I can’t believe you aren’t screaming about how TY is the one and ONLY backup brand to use. Back in my audio bootleg trading days, I dealt with a couple of traders who would ONLY accept discs on TY. Most of them I refused to trade with, but I had to give in and buy their discs a couple times for some people who had something I couldn’t find elsewhere. I personally never saw what the big deal about that brand is…

Right now I’m working on authoring my first homemade BD video. I am going to test it out at my dad’s house this weekend (120" home theater with a stand-alone BD player). If that passes the test, I’ll tap his collection and maybe look into movie backups…

For those other Mac users, one thing I didn’t mention way upthread was, you need a burner to rip Blu-Ray movies. That’s why I have a burner (and the aforementioned free disk) versus a much cheaper player.

I’ll go with that as a good use, but not much else.

A few years ago, I investigated moving up my backup storage from DVD to Blu-Ray. It seemed the natural progression…CD->DVD-BluRay. But my storage requirements are much too big to be practical on Blu-Ray (mostly video & audio). And hard drive costs per GB have come down faster than Blu-Ray media has.

So I am now using 1.5TB SATA internal hard drives for all long-term storage. At $100 each, that’s much more cost effective than Blu-Ray; they write and read faster, and can plug into any computer with either a SATA cable or a USB cable with an adapter.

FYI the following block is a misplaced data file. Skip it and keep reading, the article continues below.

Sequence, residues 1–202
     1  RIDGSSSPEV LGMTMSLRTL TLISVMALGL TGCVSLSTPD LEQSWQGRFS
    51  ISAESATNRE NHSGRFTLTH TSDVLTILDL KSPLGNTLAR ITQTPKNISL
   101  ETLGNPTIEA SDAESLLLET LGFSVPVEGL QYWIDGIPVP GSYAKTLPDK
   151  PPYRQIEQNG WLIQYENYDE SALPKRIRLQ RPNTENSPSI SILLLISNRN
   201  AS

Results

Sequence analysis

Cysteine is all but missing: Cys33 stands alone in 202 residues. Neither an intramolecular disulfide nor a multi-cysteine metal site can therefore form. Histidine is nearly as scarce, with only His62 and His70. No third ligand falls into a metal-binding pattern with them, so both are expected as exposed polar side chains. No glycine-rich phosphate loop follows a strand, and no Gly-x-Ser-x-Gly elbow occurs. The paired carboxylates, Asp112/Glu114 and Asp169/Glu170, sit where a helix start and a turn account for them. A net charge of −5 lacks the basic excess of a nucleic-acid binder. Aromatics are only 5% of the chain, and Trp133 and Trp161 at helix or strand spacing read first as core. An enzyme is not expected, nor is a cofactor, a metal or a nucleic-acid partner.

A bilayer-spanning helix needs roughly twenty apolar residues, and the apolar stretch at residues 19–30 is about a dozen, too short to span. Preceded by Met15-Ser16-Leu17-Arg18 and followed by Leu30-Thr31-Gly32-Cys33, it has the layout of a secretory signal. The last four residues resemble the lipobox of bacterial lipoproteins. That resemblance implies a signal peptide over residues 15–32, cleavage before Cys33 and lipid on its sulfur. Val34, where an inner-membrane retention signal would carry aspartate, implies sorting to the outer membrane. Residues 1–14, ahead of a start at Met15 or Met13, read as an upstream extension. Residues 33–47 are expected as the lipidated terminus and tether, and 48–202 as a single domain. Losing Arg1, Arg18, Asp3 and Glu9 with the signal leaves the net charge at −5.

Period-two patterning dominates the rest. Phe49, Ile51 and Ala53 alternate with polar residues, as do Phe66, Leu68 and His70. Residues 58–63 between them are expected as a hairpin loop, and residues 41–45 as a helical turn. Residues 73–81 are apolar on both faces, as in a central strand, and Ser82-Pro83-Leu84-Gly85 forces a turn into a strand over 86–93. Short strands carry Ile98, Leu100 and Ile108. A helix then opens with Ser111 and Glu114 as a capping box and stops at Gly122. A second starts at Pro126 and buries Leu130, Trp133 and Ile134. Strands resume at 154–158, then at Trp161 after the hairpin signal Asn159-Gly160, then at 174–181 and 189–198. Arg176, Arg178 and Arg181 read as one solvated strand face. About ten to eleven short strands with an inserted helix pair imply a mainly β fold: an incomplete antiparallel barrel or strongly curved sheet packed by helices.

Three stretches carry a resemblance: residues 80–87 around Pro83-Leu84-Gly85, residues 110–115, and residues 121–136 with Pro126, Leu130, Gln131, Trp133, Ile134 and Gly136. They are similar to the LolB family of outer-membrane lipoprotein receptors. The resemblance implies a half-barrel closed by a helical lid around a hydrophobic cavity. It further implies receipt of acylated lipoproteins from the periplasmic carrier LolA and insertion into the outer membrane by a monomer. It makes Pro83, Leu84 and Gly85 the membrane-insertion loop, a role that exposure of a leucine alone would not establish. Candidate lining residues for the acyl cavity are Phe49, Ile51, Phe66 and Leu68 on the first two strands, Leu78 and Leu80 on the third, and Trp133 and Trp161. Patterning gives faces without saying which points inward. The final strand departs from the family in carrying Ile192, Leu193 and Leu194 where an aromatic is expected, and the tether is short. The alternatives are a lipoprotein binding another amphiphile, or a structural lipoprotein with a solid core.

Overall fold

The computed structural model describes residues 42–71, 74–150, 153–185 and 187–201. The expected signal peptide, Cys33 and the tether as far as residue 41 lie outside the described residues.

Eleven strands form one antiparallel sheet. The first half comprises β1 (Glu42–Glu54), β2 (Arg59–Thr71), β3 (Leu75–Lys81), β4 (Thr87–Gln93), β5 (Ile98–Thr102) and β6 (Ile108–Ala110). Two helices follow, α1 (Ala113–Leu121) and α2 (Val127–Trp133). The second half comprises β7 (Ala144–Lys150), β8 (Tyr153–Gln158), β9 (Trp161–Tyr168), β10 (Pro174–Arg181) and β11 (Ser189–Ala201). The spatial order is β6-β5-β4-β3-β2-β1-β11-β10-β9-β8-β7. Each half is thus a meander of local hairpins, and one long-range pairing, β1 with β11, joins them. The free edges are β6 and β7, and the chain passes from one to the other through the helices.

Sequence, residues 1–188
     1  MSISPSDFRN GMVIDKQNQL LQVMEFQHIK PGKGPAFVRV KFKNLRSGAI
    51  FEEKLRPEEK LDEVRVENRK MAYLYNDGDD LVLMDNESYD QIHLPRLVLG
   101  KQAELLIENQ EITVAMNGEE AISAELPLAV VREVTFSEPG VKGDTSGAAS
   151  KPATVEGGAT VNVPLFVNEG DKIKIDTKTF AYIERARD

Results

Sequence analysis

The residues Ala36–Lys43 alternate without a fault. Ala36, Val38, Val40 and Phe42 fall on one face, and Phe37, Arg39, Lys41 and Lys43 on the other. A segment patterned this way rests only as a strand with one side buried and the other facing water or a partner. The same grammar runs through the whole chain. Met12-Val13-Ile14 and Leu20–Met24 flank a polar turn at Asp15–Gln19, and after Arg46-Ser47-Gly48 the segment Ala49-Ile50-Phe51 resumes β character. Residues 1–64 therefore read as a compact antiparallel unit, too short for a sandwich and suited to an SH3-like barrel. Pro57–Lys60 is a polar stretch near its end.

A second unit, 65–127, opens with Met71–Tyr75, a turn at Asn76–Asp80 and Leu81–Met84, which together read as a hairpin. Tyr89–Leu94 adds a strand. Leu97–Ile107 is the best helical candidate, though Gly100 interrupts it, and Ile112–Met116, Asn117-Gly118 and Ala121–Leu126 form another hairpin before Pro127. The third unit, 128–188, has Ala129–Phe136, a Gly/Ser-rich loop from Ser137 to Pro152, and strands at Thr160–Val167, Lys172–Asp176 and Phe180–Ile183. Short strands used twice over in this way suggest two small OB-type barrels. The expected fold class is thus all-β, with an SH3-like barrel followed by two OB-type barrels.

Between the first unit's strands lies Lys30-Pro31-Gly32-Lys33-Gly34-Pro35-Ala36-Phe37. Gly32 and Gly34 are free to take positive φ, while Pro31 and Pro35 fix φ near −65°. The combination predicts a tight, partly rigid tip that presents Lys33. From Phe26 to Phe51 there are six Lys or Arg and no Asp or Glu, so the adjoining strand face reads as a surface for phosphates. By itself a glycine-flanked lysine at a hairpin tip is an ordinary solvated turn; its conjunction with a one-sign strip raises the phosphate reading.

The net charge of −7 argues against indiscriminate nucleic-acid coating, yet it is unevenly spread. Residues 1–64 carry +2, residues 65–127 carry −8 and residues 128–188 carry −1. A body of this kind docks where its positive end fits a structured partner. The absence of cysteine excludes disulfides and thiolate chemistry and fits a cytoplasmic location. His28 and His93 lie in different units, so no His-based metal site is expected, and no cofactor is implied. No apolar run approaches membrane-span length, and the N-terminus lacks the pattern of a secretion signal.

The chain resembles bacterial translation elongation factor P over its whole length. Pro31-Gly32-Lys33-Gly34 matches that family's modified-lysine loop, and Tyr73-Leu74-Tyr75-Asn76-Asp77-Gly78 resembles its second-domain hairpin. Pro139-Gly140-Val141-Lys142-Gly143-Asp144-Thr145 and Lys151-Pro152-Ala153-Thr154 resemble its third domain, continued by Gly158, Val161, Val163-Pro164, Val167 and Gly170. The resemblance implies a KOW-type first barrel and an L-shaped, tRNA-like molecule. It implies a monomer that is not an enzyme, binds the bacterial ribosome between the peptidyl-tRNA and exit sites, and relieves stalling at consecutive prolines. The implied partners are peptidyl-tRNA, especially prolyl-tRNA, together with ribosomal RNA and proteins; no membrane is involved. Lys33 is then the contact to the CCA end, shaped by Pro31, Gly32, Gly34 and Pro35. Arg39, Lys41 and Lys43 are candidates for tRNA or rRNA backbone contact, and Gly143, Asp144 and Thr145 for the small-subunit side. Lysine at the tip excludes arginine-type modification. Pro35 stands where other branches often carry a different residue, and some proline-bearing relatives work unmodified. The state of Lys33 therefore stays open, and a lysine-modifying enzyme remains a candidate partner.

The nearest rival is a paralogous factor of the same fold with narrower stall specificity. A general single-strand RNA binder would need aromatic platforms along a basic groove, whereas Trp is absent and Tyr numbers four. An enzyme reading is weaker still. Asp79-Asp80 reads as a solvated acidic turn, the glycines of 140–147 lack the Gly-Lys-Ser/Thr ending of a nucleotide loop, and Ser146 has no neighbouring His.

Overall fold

I don’t see that trend reversing any time soon. I expect to move to hi-def video sometime, and the storage requirements will again zoom up.

So, in short, Blu-Ray is too expensive and the capacity too small.

I have a 25Mb/sec (down) connection, and off-site storage isn’t practical in the least for the amount of data I generate and need to have readily available; it’s too slow.

When I had to reformat my computer, the tech guy said not to use DVDs (single and DL) or CDs as backup for that reason as well as the number of discs. Instead, he recommend using either a portable HD, flash drive(s) or another computer. I ended up using a friend’s notebook.

It’s not clear from what you said, but if you only have one copy of each file, that’s not really what you could call “backup”. Also, since bad disks tend to come in batches, if you do in fact have multiple copies, they should be on different brands of hardware.

Also, if you need to refer to these files more than occasionally, I would have one copy on an internal drive and one on an external that I would shut off when not actively in use.

There are products like Acronis True Image that will do continuous backups for you so that as the files change on one drive they will be mirrored to a backup drive.

Who said I only have one copy of each file? Who said they were all the same brand or even model of hardware?

Exactly, but I rotate disks. I have 8TB in active, online storage on one machine and about 10TB in a cabinet across the room, multiple disks in both cases. You do know that internal, bare drives can be inserted and removed from action without any case or power supply attached, don’t you?

A good idea, but some of my work is realtime and CPU intensive, and anything running in the background without warning can really screw things up. I prefer to handle those tasks manually or let them run overnight.

And as far as disks going bad, I haven’t seen one do a hard crash in over 15 years, and I have probably used 50 disks in that time, from 6GB to 1.5TB. I have one in daily use, 6GB, running continuously for at least 15 years. Before they wear out, it seems they get too small.